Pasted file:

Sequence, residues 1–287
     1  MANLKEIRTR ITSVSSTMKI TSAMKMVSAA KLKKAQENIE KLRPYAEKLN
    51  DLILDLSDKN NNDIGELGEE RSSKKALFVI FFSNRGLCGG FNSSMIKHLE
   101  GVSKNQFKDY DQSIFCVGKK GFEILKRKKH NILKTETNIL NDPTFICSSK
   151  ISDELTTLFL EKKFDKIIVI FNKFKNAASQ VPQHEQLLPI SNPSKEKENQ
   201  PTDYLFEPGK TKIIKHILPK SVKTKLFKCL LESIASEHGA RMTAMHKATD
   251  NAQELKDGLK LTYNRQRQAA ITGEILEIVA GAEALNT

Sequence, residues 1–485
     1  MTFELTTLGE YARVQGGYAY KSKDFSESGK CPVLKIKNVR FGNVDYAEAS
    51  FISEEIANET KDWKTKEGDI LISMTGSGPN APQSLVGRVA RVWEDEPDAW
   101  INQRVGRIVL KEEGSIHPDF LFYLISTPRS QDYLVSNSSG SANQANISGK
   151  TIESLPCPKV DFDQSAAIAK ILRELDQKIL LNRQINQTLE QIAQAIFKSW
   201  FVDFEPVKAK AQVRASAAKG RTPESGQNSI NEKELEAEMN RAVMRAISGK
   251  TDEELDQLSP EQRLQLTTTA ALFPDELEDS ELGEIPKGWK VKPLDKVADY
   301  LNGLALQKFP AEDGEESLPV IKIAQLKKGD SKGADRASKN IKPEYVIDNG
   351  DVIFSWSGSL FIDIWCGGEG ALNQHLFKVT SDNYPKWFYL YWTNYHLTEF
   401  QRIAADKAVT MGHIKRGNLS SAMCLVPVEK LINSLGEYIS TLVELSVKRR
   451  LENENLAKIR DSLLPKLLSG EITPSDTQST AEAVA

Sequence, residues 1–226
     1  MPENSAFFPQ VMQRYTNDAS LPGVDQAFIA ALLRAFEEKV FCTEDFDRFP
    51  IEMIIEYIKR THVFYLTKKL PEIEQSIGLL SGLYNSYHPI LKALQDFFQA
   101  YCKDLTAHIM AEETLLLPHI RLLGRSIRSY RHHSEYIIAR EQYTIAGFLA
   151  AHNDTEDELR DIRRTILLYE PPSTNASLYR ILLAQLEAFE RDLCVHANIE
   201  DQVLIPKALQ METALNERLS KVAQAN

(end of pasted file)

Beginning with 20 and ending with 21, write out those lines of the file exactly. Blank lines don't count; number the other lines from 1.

     1  MPENSAFFPQ VMQRYTNDAS LPGVDQAFIA ALLRAFEEKV FCTEDFDRFP
    51  IEMIIEYIKR THVFYLTKKL PEIEQSIGLL SGLYNSYHPI LKALQDFFQA